Friday, December 24, 2010

Holiday Toasts- Wine and Friendship

Yesterday my wife and I were getting a gift package ready for some friends, and one of the presents was a wine journal.  We wanted to write a nice quote about wine and friendship, and while Google provided ample results to our search, none sufficed, so I made up several of my own: 

The vine begets the grape
The grape begets the wine
Our friends be gettin’ glasses
And I be fillin’ mine

#

With our friends we raise our glasses,
And watch another New Year’s pass us
Uncork the wine, my lads and lasses
And we'll get drunk off all our asses

#

Friends and wine go hand-in-hand
Or glass-in-hand, as it may be
I really can’t tell right now
For I’m so drunk I see in threes

#

We count our blessings
For our friends
And toast until
The bottle ends

#

Fine wine is to be cherished
Like a friend’s familiar face
So let us gaze upon each other
And have wine brought by the case

#


Let’s raise our glasses, raise them high
Another year has passed us by
And once the bottoms reach the sky
Fill them again so they won’t dry

#


Merry Christmas and Happy New Year!  

Monday, November 29, 2010

A Hairy Situation

I've decided to grow a beard.  Like many of the finer endeavors of my life, it was my wife's encouraging that spurred this decision.  It was not taken lightly.  For me, growing a beard is wrought with challenges.

First is the general patchiness of my facial hair.  That's why my first shot at facial hair was limited to a mustache and goatee.  I'm proud to say that over many years, this patchiness has evened out.  Mostly.

The real issue is my shaved head.  I let the hair on my head grow for a full week when I first started Project Beard (NOTE: one of these times I'm gonna misspell beard as bread.  I just know it. And spellchecker won't catch stuff like that.)  I studied the growth - and lack thereof - and remembered why I started shaving my head to begin with.  Chia-pets are not attractive, not matter how awesome they look in the commercial.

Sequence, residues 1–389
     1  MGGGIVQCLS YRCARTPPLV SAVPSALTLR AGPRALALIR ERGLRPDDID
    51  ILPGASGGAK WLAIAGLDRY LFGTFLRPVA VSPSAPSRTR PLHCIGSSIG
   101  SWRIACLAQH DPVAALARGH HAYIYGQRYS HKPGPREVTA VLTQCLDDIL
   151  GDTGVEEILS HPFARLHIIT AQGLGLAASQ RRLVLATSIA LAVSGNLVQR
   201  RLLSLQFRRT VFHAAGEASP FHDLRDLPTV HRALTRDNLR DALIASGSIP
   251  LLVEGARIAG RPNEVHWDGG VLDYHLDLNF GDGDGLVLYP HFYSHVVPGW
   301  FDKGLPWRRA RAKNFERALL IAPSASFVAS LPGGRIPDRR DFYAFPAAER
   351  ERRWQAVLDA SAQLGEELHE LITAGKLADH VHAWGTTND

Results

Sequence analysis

So now I have hair on my cheeks, and a sudden transition to nothingness at the top of the sideburns.  My goal is to ease the suddenness of that transition. My wife encouraged me to Google pictures of Chris Daughtry.  I think it is cool that I can get compared to him, because he's rich and famous and good-looking, and I'm just bald, too.  But I don't want to look just like him, because I'm a decade-and-a-half older than he is and I will come across as a poser (NOTE: 1987 called and it wants the word "poser" back).

For now I have a solution that I convinced myself is decent:

A hat.

Ha ha!  Just kidding.  But seriously, maintaining this look requires a skill and/or patience that I don't have.  Or at least, if I do have it, it has yet to fully manifest itself.  It's a lot easier to clear-cut a whole cheek than to gently taper the point as it rounds the top of the ear.  Trust me on that one.